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I saw an answer here on the page stating the fact that for a dense sequence $(a_n)$ in $[0, 1]$ and a set of positive measure $A$, the set $\bigcup_{n \geq 1} A + a_n$ has measure $1$ (with respect to the Lebesgue-measure). So I tried to prove it.

Let $B := \left( \bigcup_{n \geq 1} A + a_n \right) \cap \mathbf{R}/ \mathbf{Z}$.

My attempt was to pick an open set $U \supset B$ with $\lambda(U) \leq \lambda (B) + \varepsilon$ for an arbitrary $\varepsilon >0$. This can be done since the Lebesgue measure is outer regular.

But then $U$ contains a dense sequence, hence any non-empty open set $V$ intersects it (the set $U$ being non-empty, as $A$ has positive measure). But then again, as $[0, 1]$ is Hausdorff, we can only have $U = [0, 1]$. As $\varepsilon$ was arbitrary, the set $B$ has measure $1$.

However I'm a bit confused about my "proof". If $B$ were $\mathbf{Q} \cap [0, 1]$, the same argument would show that the measure of $\mathbf{Q} \cap [0, 1]$ is one.

Where is my mistake?

And also: How can one prove the statement?

Thanks!

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  • $\begingroup$ If anyone is interested in the question where I found the fact, here's the link: math.stackexchange.com/questions/1033251/… $\endgroup$ – Steven Jun 2 '17 at 16:36
  • $\begingroup$ Do you mean $(\cup (A+a_n)) \cap [0,1]?$ $\endgroup$ – zhw. Jun 2 '17 at 16:59
  • $\begingroup$ yes, of course, I'll edit it $\endgroup$ – Steven Jun 2 '17 at 17:03
  • $\begingroup$ Perhaps you mean that there exists a translation of $\bigcup_n A+a_n$ which has full measure in $[0,1]$. $\endgroup$ – Rigel Jun 2 '17 at 17:10
  • $\begingroup$ I mean the elements seen to be in $[0, 1) $ modulo $1$. so yes, you're right. $\endgroup$ – Steven Jun 2 '17 at 17:17
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Let us prove that there exists a translation of the set $\bigcup_n (A + a_n)$ which has full measure in $[0,1]$.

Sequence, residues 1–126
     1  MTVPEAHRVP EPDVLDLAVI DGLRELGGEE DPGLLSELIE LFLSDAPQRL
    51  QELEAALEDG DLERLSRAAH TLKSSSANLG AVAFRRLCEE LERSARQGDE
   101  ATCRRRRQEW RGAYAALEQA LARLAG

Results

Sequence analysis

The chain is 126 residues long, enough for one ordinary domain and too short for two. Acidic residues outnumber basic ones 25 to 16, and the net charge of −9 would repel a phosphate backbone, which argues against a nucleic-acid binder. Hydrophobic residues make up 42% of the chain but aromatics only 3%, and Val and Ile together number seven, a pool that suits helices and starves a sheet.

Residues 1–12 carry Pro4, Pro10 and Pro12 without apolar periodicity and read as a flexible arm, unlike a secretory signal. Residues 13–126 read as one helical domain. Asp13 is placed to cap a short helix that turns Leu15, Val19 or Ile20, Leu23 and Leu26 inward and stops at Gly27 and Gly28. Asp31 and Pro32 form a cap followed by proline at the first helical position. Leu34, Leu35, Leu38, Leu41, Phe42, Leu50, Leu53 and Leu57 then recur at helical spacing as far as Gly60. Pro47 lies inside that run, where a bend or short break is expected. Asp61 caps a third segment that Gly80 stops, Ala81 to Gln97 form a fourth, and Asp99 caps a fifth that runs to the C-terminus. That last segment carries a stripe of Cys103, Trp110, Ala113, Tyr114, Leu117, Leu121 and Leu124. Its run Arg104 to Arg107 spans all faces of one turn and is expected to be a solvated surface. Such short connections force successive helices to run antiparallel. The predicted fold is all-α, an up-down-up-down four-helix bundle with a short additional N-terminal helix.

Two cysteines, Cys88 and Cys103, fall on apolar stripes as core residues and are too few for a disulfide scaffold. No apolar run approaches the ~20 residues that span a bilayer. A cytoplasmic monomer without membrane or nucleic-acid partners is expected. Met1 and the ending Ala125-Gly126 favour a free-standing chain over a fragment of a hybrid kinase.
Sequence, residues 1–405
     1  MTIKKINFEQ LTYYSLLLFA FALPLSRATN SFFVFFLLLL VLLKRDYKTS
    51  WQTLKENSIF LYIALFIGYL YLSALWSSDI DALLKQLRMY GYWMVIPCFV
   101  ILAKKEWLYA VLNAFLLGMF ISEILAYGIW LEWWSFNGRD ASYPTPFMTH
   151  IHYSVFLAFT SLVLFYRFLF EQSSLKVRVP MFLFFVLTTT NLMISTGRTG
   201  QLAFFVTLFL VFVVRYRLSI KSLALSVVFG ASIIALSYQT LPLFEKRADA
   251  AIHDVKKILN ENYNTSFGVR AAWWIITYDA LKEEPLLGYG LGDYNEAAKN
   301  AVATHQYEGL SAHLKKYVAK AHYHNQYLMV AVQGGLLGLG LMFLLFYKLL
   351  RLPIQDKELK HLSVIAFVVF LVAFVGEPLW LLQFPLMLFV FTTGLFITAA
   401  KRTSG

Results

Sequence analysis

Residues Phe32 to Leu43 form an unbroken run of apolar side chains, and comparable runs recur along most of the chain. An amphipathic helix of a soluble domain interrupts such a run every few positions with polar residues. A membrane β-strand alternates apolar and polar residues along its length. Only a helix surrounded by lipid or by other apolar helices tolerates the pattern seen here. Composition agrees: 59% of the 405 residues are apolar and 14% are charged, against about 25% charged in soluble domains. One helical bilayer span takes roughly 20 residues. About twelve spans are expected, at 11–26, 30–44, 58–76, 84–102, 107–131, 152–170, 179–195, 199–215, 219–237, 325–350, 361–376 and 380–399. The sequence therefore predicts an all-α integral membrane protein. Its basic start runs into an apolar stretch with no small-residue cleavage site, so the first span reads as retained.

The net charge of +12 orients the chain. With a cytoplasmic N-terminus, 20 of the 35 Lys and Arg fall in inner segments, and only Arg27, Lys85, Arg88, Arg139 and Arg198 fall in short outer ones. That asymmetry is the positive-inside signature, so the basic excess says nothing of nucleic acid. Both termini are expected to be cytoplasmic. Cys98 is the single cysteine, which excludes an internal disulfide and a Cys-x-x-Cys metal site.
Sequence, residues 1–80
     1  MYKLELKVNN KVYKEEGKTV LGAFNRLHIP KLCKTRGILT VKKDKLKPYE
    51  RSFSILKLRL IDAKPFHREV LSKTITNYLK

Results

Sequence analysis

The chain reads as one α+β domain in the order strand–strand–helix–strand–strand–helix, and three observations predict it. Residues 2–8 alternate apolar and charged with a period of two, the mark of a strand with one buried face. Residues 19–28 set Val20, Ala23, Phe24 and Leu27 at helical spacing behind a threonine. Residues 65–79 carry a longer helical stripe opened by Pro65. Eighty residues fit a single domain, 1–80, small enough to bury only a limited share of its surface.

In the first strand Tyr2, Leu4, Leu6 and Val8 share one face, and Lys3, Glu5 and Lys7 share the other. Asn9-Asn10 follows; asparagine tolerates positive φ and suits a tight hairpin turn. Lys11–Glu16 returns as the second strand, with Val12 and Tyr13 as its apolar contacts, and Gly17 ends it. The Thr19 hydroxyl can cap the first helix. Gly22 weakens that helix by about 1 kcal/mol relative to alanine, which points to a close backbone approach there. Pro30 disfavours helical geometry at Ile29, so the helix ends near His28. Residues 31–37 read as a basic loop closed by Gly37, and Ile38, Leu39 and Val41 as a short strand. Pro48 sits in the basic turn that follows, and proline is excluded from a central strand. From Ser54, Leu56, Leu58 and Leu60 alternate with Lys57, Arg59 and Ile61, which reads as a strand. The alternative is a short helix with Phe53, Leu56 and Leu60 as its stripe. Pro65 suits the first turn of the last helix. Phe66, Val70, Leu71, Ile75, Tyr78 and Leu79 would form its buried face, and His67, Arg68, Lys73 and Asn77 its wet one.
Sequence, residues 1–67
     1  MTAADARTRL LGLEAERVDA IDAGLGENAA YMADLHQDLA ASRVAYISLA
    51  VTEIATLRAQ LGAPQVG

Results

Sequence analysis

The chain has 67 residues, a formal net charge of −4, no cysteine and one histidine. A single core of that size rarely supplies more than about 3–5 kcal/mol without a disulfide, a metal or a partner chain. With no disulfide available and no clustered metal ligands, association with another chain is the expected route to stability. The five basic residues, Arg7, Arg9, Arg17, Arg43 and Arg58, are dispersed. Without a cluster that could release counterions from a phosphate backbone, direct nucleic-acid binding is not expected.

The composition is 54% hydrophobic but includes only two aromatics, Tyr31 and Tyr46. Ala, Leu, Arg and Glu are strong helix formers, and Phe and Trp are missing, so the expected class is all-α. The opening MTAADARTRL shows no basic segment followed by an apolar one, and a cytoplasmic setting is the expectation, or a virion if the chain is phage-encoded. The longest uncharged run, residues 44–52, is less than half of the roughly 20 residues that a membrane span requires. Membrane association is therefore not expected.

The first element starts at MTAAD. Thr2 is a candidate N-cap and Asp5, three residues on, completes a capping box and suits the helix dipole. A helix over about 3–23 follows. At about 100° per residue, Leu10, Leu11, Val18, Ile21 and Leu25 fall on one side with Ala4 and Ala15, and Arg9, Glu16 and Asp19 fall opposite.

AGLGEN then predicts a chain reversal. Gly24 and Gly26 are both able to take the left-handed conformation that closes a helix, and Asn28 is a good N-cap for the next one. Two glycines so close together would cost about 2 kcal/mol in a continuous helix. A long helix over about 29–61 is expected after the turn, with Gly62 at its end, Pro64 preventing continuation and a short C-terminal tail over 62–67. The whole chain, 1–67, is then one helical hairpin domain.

Assume by contradiction that $B :=\bigcup_n (A + a_n)$ has not full measure in $[0,1]$, so that there exists a point $x\in B$ with density $0$ in $B$. Let us fix $\epsilon \in (0,1/3)$. Hence there exists $\rho_0 > 0$ such that $$ \frac{\lambda((x-\rho, x+\rho)\cap B)}{2\rho} < \epsilon \qquad \forall \rho \in (0, \rho_0). $$ To simplify the argument, we also assume that $(x-\rho_0, x+\rho_0) \subset [0,1]$.

W.l.o.g. we can assume that $0$ is a Lebesgue point of $A$, i.e., there exists $r \in (0, \rho_0)$ such that $$ \frac{\lambda(A_r)}{2r} > 1 - \epsilon, \quad\text{where}\quad A_r := ( - r, r) \cap A. $$ It is not restrictive to assume $r < 2\epsilon\rho_0$.

On the other hand, $B \supset C_r := \bigcup_n (A_r + a_n)$.

Since $(a_n)$ is dense in $[0,1]$, given $\rho :=r/{2\epsilon} \in (r, \rho_0)$ there exists an index $j\in\mathbb{N}$ such that $A_r + a_j \subset (x-\rho, x+\rho)$, hence $$ A_r + a_j \subset (A_r + a_j) \cap B \subset (x-\rho, x+\rho)\cap B $$ so that $$ 2 r (1-\epsilon) < 2\rho \epsilon = r, $$ a contradiction.

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  • $\begingroup$ I don't quite see why the last inequality holds. Could you maybe elaborate on that? $\endgroup$ – Steven Jun 2 '17 at 17:30
  • $\begingroup$ I have modified the proof. (Not sure of the choice of the constants, but the idea should be correct.) $\endgroup$ – Rigel Jun 2 '17 at 18:04

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